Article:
KABUL, Aug 9 (Reuters) – Afghan commandoes launched a counter-attack on Monday to try to beat back Taliban fighters who overran the northern city of Kunduz a day earlier, with residents fleeing the conflict describing the almost constant sound of gunfire and explosions.
Kunduz was one of at least three provincial capitals seized by the insurgents in the north over the weekend, as their offensive gathered pace following Washington’s announcement that it would end its military mission in Afghanistan by the end of August.
A Taliban spokesman had warned the United States on Sunday against intervening following U.S. airstrikes to support beleaguered Afghan government forces.
In the West, near the border with Iran, security officials told Reuters heavy fighting was underway on the outskirts of Herat. Arif Jalali, head of Herat Zonal Hospital said 36 people had been killed and 220 wounded in fighting over the past eleven days. More than half of the wounded were civilians, he said, and women and children were among the dead.
In the southern province of Helmand, a hotbed of Taliban activity, security officials reported a loud explosion in Lashkar Gah, the provincial capital, on Monday morning.
The insurgents have taken dozens of districts and border crossings in recent months and put pressure on several provincial capitals, including Herat and Kandahar in the south, as foreign troops withdraw.
“US forces have conducted several airstrikes in defence of our Afghan partners in recent days,” Maj. Nicole Ferrara, a U.S. Central Command spokesperson, told CNN on Sunday, without specifying where those strikes were made.
In Kunduz, many desperate families, some with young children and pregnant women, abandoned their homes, hoping to reach the relative safety of Kabul, 315 kilometres (196 miles) to the south – a drive that would normally take around ten hours.
Police had abandoned their check-posts on the roads around the city.
Ghulam Rasool, an engineer, was trying to hire a bus to get his family to the capital as sound of gunfire reverberated through the streets of his hometown.
“We may just be forced to walk till Kabul, but we are not sure if we could be killed on the way …ground clashes were not just stopping even for 10 minutes,” Rasool told Reuters.
“It’s best we leave this city till its decided whether the Afghan government or the Taliban will now govern it.”
He and several other residents, and a security official, said Afghan commandoes had launched an operation to clear the insurgents from the city.
Taliban fighters had holed up in government buildings in the city centre, and had occupied positions commanding roads into to two defence bases on the outskirts, according to local government officials.
Over the weekend, the insurgents also occupied government buildings in the northern provincial capital of Sar-e-Pul, driving officials out of the main city to a nearby military base, Mohammad Noor Rahmani, a provincial council member of Sar-e-Pul province, said.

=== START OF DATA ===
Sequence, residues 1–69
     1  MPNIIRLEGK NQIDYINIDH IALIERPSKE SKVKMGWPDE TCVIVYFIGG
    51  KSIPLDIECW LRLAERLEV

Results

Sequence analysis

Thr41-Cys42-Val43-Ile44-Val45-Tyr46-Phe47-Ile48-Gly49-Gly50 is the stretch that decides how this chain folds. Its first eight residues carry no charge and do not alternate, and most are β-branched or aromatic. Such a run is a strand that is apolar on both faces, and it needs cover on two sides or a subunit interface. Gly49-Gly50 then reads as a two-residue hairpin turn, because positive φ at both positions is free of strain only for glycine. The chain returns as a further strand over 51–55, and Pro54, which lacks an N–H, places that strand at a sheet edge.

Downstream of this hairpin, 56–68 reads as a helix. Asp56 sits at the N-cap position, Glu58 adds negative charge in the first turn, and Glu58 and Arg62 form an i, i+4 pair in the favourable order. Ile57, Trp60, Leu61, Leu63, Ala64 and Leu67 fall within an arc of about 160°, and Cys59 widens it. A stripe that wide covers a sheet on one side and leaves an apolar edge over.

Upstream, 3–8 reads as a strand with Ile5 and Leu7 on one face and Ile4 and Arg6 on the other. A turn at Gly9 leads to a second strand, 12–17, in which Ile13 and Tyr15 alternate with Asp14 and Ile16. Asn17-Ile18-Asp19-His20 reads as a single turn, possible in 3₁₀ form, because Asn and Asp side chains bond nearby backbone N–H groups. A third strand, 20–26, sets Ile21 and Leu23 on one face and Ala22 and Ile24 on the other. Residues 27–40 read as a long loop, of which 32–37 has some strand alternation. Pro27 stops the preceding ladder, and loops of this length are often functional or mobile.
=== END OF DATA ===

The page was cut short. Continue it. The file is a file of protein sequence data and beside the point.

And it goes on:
On Sunday evening, Ashraf Ayni, representative in parliament for Takhar province, said its capital Taloqan had fallen to the Taliban who had freed prisoners and taken control of all government buildings, driving officials to a nearby district.
And there conflicting reports on whether they had seized Sheberghan, the capital of northern Jawzjan province, where there has been heavy fighting.
The weekend had begun with the Taliban’s capture of Zaranj, on the border with Iran in Afghanistan’s southern Nimroz province, which marked the first time that they had held a provincial capital in years.
Speaking to Al-Jazeera TV on Sunday, Taliban spokesman Muhammad Naeem Wardak said there was no ceasefire agreement, and warned the United States against further intervention to support the government forces.
Suspected Taliban fighters also killed an Afghan radio station manager in Kabul and kidnapped a journalist in southern Helmand province, local government officials said on Monday, reporting the latest in a long line of attacks targeting media workers.
A Taliban spokesperson told Reuters that he had no information on either the killing in Kabul or the abducted journalist in Helmand.
The Taliban’s onslaught has sparked recriminations over the withdrawal of U.S.-led foreign forces after 20 years of fighting the insurgents. British Defence Secretary Ben Wallace told the Daily Mail newspaper that the accord struck last year between the United States and the Taliban was a “rotten deal”.
Wallace said his government had asked some NATO allies to keep their troops in Afghanistan once the U.S. troops departed, but failed to garner enough support.
“Some said they were keen, but their parliaments weren’t. It became apparent pretty quickly that without the United States as the framework nation it had been, these options were closed off,” Wallace said.
(Reporting by Afghanistan bureau, Editing by Simon Cameron-Moore)